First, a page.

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2004 Scientific Report

nal GTPase binding

nal GTPase binding domain (GBD). The GBD negatively regulates actin remodeling activity associated with the protein. Rho binding to the Drf’s GBD disrupts its intramolecular interaction with the C-terminal Diaphanous-autoregulatory domain (DAD). In addition to the GBD and DAD regions, Drfs have two other conserved regions: the prolinerich formin homology-1 (FH1) domain and the FH2 domain, the latter having the ability to nucleate and elongate nonbranched actin filaments. There is also a loosely conserved FH3 domain, the role of which may be to act as a protein-protein interaction domain or to confer subcellular targeting capability. Formin-mediated actin nucleation and filament elongation Formins nucleate actin in an FH2-dependent manner and appear to “surf” on the barbed end of elongating nonbranched microfilaments. The alternative mechanisms are shown in Fig. 1. The first possibility is that the FH2 domain from the yeast Drf Bni1p processively elongates filaments by adding monomers to the barbed end, a process accelerated by the actin-monomer-binding protein called profilin. In contrast, experiments with the FH2 region and the yeast formin Cdc12p suggest that the FH2 domain caps the barbed end to nucleate new filaments; the cap is then relieved by profilin in a mechanism termed “gating.” Drfs are autoregulated In cells, the Drf autoregulatory mechanism can be demonstrated experimentally by expressing versions lacking either the autoinhibitory GBD or its Figure 1. FH2-mediated actin nucleation: alternative mechanisms autoregulatory partner, DAD. These truncations create an activated form of the Drf. Alternatively, cellular Drfs can be activated by isolated DAD-region fragments. The binding of DAD fragments disrupts autoinhibition and activates actin remodeling, characterized by the generation of thin fibers, gene expression, and microtubule stabilization identical to that from the expression of GBD-truncated Drfs. Activated Drfs can cooperate with another GTPase effector, Rho kinase (also lacking its GTPase binding domain), to form actin stress fibers that are reminiscent of the effects observed in cells expressing activated RhoA. These observations have led to the conclusion that mDia1 and mDia2 are effectors for RhoA. In these experiments, however, the influence of GTPase over the Drf (and Rho kinase) protein is lost; both GBD truncation and DAD expression mask the contribution of the GTPases to Drf-mediated signaling. Thus, it is unclear how specific GTPase-Drf pairs contribute to cytoskeletal remodeling in response to extracellular stimuli. To fill this knowledge gap, we have taken molecular and genetic approaches. The first approach is gene targeting of the Drf gene family, comprising Drf1, Drf2, and Drf3, which encode mDia1, mDia3, and mDia2, respectively. The second approach uses fluorescence resonance energy transfer (FRET) techniques to determine the sites and extent of Rho GTPase-formin interactions. An example is shown in Fig. 2, where Cdc42, fused to enhanced cyan fluorescent protein (ECFP), interacts with EYFP mDia2 (yellow). This approach allows for the measurement of protein-protein interactions in cells. The method depends on the ability of two fluorophores to act as donor-acceptor pairs as a measure of association (distance < 30 Å). One fluorophore (ECFP) is fused to the GTPase, and when excited at the appropriate wavelength, generates a photon at a wavelength that then excites the acceptor fluorophore (EYFP) fused to mDia2. We then measure the light emission from the acceptor as an indication of GTPase activation of the Drf. 10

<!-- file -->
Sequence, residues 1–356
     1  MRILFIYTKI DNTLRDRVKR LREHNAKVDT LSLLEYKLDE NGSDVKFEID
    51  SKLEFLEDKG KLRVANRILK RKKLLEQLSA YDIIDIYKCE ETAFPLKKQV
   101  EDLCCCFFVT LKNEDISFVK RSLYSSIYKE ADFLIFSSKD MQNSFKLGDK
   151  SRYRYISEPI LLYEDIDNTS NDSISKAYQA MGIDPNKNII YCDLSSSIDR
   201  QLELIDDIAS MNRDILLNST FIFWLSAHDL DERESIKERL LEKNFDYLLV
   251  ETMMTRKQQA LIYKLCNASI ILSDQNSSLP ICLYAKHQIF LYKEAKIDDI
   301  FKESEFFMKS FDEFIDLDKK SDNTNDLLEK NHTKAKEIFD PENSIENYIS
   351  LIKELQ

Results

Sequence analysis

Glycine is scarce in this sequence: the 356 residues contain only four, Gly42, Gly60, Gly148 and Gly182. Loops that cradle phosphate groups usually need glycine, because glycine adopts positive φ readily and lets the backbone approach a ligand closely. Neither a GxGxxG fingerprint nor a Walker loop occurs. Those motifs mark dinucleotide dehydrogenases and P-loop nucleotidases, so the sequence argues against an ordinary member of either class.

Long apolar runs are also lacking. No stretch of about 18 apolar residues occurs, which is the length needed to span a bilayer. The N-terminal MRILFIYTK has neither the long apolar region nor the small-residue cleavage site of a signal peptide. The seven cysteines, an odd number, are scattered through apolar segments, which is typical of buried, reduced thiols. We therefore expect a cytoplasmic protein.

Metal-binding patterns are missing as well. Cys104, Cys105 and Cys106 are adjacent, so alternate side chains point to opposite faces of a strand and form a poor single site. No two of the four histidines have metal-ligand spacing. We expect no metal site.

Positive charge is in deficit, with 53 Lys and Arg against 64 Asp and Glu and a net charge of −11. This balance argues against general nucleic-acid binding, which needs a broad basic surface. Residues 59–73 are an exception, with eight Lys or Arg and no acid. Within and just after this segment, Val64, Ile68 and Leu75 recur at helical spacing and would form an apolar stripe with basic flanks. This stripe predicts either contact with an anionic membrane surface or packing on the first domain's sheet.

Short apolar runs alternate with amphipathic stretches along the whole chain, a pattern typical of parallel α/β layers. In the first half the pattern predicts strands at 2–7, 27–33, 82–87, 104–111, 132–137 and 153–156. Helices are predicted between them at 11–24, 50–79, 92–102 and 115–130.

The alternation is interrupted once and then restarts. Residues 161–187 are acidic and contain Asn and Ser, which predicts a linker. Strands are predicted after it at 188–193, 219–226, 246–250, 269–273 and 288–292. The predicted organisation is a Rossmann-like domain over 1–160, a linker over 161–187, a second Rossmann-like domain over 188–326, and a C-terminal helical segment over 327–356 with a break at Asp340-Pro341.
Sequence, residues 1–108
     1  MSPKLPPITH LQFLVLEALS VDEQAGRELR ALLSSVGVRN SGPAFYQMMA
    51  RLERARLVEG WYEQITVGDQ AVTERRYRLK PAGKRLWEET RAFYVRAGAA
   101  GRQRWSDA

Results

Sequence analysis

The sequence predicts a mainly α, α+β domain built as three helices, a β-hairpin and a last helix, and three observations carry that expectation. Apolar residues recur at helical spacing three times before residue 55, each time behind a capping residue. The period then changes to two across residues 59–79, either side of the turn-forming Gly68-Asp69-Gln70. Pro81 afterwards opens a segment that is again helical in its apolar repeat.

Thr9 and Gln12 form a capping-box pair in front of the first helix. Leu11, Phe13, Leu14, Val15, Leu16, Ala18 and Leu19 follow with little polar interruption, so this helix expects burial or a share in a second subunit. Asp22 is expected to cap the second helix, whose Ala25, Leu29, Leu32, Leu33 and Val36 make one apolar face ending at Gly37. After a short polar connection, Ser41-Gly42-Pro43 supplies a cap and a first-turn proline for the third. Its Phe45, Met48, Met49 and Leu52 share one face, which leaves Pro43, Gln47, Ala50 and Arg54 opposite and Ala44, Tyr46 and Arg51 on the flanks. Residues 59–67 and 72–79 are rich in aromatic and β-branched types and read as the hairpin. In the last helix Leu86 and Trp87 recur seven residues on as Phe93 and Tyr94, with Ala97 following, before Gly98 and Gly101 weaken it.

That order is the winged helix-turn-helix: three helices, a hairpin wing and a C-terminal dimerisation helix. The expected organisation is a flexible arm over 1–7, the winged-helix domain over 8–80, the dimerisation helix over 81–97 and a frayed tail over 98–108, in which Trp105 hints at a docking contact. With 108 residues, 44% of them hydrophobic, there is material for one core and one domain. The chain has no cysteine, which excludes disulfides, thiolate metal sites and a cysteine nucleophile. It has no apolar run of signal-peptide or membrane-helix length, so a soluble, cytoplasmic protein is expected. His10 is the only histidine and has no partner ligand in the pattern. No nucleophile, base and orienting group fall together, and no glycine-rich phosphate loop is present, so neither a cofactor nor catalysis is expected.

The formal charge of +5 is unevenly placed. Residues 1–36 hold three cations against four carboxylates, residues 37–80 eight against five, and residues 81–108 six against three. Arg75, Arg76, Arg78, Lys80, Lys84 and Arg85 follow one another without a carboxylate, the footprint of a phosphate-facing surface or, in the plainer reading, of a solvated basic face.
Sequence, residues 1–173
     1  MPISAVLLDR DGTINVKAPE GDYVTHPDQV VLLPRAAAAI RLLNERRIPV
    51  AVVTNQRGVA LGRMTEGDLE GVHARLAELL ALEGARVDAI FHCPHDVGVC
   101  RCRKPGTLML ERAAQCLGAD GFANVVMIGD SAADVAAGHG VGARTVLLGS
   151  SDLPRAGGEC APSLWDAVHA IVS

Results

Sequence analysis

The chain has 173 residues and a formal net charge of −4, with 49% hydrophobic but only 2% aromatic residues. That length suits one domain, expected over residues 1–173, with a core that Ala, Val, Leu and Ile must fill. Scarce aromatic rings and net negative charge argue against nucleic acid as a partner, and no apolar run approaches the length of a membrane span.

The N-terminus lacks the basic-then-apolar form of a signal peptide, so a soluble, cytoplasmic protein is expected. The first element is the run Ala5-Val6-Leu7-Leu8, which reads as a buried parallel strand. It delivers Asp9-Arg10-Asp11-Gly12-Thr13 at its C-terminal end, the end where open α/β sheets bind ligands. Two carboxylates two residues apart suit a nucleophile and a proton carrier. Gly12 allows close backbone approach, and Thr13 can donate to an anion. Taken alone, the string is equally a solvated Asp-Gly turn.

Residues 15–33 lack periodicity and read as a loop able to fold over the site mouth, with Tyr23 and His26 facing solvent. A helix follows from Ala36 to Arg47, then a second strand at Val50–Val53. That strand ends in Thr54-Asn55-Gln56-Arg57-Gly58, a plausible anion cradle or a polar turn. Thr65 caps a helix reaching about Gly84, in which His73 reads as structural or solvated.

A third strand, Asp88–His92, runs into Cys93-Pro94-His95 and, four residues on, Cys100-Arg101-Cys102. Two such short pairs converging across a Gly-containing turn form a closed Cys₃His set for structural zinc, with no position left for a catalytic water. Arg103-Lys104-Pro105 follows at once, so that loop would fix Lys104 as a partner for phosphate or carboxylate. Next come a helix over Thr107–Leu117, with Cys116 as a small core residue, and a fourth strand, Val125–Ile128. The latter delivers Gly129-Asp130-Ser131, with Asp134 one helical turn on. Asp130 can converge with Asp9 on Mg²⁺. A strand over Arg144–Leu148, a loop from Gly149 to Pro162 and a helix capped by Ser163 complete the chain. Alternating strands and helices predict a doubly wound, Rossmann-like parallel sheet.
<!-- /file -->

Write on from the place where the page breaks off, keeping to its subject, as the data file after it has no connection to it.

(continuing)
Ongoing work has allowed us to determine that mDia2 can interact with RhoA, RhoB, and Cdc42 at specific sites in cells associated with different types of actin structures. It is not known where and when other Drfs become activated and by which GTPase. In future studies, we will examine where other Drfs interact with other Rho family GTPases in order to decipher their different contributions to cytoskeletal remodeling. Moreover, we will determine if these sites become disrupted as cells become malignant. Figure 2. mDia2 is an effector for Cdc42 during remodeling of cortical actin. This figure shows the distribution of F-actin in the cell, the distribution of the labeled proteins ECFP-Cdc42 and EYFP-mDia2, and the FRET image showing the co-localization of mDia2 and Cdc42. Recent Publications Joseph, Hazel L., Ying-Jing Chen, Alexander F. Palazzo, Arthur S. Alberts, K. Kevin Pfister, Richard B. Vallee, and Gregg G. Gundersen. In press. CDC42, dynein, and dynactin comprise a pathway for regulating MTOC reorientation independent of microtubule stabilization. Nature Cell Biology. Chen, Jindong, Weng-Onn Lui, Michele D. Vos, Geoffrey J. Clark, Masayuki Takahashi, Jacqueline Schoumans, Sok Kean Khoo, David Petillo, Todd Lavery, Jun Sugimura, Dewi Astuti, Chun Zhang, Susumu Kagawa, Eamonn R. Maher, Catharina Larsson, Arthur S. Alberts, Hiro-omi Kanayama, and Bin Tean Teh. 2003. The t(1;3) breakpoint-spanning genes LSAMP and NORE1 are involved in clear cell renal cell carcinomas. Cancer Cell 4(5): 405–413. Peng, Jun, Bradley J. Wallar, Akiko Flanders, Pamela J. Swiatek, and Arthur S. Alberts. 2003. Disruption of the Diaphanous-related formin Drf1 gene encoding mDia1 reveals a role for Drf3 as an effector for Cdc42. Current Biology 13(7): 534–545. Wallar, Bradley J., and Arthur S. Alberts. 2003. The formins: active scaffolds that remodel the cytoskeleton. Trends in Cell Biology 13(8): 435–446. Tominaga, Tomoko, Wenxiang Meng, Kazuya Togashi, Hiroko Urano, Arthur S. Alberts, and Makoto Tominaga. 2002. The Rho GTPase effector protein, mDia, inhibits the DNA binding ability of the transcription factor Pax6 and changes the pattern of neurite extension in cerebellar granule cells through its binding to Pax6. Journal of Biological Chemistry 277(49): 47686–47691. From left to right, Peng, Wallar, Eisenmann, L. Alberts, Stropich, A. Alberts, Schoenherr 11